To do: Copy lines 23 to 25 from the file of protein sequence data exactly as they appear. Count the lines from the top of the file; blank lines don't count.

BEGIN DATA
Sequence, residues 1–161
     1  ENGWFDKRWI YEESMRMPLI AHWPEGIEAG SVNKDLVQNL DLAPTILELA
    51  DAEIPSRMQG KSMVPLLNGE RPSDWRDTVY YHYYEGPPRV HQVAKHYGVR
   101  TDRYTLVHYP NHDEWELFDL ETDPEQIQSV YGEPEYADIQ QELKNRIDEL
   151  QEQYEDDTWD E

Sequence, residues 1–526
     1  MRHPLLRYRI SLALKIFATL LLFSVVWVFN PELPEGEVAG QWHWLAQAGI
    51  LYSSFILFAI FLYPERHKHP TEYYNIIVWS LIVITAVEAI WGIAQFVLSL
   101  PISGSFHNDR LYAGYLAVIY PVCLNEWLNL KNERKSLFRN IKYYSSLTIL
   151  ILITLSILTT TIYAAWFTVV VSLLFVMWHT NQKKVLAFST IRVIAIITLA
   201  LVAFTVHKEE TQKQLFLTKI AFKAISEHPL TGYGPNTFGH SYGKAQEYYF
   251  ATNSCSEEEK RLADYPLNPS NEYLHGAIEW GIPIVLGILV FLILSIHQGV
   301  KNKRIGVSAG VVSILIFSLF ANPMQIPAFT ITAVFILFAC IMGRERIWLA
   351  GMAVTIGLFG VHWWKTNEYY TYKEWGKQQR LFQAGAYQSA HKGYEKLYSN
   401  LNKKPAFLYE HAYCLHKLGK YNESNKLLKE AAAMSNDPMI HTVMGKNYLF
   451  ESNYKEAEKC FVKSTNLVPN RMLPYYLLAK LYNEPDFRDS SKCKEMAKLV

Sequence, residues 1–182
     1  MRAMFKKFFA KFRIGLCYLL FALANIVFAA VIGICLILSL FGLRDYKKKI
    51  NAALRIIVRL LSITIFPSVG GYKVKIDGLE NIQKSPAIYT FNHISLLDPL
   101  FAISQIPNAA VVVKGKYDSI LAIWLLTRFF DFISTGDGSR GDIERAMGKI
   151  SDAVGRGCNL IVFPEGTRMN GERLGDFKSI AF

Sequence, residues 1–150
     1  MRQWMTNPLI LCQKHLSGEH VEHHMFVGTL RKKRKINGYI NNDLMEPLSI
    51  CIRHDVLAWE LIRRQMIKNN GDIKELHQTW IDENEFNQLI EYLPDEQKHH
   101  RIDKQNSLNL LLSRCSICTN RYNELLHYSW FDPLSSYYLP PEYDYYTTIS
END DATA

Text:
     1  MRQWMTNPLI LCQKHLSGEH VEHHMFVGTL RKKRKINGYI NNDLMEPLSI
    51  CIRHDVLAWE LIRRQMIKNN GDIKELHQTW IDENEFNQLI EYLPDEQKHH
   101  RIDKQNSLNL LLSRCSICTN RYNELLHYSW FDPLSSYYLP PEYDYYTTIS